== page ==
Session at the 108th College Art Association of America Annual Conference
Danielle Jean Stewart, The Graduate Center, CUNY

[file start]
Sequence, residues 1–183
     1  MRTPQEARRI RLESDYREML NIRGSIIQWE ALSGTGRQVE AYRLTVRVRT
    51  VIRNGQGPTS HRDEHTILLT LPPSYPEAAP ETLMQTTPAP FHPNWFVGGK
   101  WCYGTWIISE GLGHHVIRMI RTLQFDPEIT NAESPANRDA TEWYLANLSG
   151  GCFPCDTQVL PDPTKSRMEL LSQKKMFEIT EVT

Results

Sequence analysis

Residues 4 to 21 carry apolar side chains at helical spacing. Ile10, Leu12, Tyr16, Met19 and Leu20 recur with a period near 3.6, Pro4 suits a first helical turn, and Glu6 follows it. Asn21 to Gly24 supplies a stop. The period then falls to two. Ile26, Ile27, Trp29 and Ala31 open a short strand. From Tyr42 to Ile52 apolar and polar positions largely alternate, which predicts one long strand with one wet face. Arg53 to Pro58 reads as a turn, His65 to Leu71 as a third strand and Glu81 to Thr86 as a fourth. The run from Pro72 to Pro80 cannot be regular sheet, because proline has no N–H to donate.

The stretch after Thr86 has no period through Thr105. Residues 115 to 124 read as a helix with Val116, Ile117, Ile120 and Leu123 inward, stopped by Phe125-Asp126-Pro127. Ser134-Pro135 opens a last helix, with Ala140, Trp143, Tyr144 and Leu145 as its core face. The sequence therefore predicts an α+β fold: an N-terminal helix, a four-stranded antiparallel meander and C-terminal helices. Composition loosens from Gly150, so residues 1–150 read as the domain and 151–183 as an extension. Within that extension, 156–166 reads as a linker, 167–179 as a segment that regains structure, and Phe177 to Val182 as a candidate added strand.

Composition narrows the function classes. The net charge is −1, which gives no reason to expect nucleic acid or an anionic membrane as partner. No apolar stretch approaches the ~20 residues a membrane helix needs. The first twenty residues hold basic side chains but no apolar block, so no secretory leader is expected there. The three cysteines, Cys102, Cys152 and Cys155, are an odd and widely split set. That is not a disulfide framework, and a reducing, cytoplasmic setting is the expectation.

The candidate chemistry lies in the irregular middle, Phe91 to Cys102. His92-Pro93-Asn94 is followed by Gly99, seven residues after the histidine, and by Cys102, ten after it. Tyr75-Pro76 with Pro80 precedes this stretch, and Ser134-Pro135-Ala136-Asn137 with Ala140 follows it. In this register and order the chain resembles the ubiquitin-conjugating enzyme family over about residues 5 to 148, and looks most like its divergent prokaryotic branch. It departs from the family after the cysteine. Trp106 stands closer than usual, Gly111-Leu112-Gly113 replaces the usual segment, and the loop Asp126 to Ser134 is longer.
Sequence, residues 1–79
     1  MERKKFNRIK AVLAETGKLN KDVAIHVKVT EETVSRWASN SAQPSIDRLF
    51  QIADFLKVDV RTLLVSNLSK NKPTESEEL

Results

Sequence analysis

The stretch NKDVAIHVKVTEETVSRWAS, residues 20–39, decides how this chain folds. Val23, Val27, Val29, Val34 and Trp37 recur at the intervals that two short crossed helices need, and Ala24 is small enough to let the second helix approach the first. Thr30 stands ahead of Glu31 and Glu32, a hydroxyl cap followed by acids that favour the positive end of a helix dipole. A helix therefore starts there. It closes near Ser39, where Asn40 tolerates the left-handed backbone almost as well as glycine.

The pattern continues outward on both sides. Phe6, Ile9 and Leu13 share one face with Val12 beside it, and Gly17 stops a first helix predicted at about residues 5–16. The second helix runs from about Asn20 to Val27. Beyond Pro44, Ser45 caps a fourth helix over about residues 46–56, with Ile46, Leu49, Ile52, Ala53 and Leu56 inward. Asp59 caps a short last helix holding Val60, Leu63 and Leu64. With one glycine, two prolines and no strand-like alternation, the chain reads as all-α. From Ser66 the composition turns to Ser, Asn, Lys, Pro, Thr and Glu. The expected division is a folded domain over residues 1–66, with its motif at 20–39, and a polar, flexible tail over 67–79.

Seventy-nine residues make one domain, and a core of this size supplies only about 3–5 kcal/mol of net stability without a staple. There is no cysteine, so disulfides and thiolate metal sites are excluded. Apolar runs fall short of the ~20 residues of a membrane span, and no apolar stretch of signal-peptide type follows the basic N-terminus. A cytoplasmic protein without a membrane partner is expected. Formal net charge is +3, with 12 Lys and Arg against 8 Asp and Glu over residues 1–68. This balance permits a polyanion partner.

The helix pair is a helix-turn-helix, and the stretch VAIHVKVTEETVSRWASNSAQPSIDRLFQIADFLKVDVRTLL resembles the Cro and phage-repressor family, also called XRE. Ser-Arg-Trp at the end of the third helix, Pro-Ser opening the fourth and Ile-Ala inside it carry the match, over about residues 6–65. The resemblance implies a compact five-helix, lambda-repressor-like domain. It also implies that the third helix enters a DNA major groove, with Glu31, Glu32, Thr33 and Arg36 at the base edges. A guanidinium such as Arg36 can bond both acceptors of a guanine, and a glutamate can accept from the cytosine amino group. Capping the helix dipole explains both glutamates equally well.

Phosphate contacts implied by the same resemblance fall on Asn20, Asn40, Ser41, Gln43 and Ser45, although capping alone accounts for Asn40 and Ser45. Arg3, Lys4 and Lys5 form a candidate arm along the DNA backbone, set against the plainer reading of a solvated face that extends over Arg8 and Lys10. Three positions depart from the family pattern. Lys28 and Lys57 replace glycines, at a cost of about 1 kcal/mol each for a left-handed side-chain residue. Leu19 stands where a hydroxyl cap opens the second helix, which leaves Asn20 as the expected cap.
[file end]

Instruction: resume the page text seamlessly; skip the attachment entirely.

Many early photographic archives preserve images of traditional architecture that continue to exert ideological and aesthetic influence into the present, even as cities’ physical infrastructures shift. Nineteenth-century photographers like Charles Marville in Paris and Marc Ferrez in Rio de Janeiro were both contracted by their municipal governments to photographically document rapidly transforming local landscapes in order to preserve their architectural heritage in the face of modernization. In the wake of the fire in Paris’ Notre Dame Cathedral, photographic archives like these were quickly enlisted to aid in the reconstruction effort. In addition to preserving architectural histories, photographs are also employed to mold and/or censor a city’s visual image. This is especially evident in the case of mid-twentieth-century photo books like Berenice Abbott’s Changing New York (1939) or Horacio Coppola’s Buenos Aires (1936). More than mere travelogues, these volumes sought to understand the civic identities of cities flux. In the contemporary period, urban photography has also been used by minority communities in the United States to protest injustice and promote tangible social change. Along these lines, this panel seeks to understand the relationship between photography and the urban environment—is it documentary? symbiotic? passing?—and welcomes submissions that explore how this relationship has been framed across various geopolitical contexts and how it has shifted over time.